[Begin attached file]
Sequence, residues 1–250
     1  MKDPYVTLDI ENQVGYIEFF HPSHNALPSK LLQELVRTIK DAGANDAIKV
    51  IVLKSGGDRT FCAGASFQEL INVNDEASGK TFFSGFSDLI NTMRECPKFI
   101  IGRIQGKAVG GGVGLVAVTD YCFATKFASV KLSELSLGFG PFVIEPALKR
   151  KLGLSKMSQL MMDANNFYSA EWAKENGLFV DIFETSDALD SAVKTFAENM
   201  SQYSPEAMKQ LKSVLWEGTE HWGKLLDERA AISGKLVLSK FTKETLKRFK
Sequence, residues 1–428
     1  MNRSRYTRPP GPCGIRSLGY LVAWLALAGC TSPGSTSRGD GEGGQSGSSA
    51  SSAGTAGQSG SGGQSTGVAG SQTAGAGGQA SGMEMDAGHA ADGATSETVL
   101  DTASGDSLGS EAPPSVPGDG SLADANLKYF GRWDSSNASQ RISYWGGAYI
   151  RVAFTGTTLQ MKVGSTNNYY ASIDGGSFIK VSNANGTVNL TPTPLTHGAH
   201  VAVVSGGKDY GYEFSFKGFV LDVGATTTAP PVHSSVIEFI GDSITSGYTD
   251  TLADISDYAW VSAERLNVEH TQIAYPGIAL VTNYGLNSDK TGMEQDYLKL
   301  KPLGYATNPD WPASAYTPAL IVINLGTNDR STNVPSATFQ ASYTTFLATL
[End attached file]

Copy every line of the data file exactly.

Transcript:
Sequence, residues 1–250
     1  MKDPYVTLDI ENQVGYIEFF HPSHNALPSK LLQELVRTIK DAGANDAIKV
    51  IVLKSGGDRT FCAGASFQEL INVNDEASGK TFFSGFSDLI NTMRECPKFI
   101  IGRIQGKAVG GGVGLVAVTD YCFATKFASV KLSELSLGFG PFVIEPALKR
   151  KLGLSKMSQL MMDANNFYSA EWAKENGLFV DIFETSDALD SAVKTFAENM
   201  SQYSPEAMKQ LKSVLWEGTE HWGKLLDERA AISGKLVLSK FTKETLKRFK
Sequence, residues 1–428
     1  MNRSRYTRPP GPCGIRSLGY LVAWLALAGC TSPGSTSRGD GEGGQSGSSA
    51  SSAGTAGQSG SGGQSTGVAG SQTAGAGGQA SGMEMDAGHA ADGATSETVL
   101  DTASGDSLGS EAPPSVPGDG SLADANLKYF GRWDSSNASQ RISYWGGAYI
   151  RVAFTGTTLQ MKVGSTNNYY ASIDGGSFIK VSNANGTVNL TPTPLTHGAH
   201  VAVVSGGKDY GYEFSFKGFV LDVGATTTAP PVHSSVIEFI GDSITSGYTD
   251  TLADISDYAW VSAERLNVEH TQIAYPGIAL VTNYGLNSDK TGMEQDYLKL
   301  KPLGYATNPD WPASAYTPAL IVINLGTNDR STNVPSATFQ ASYTTFLATL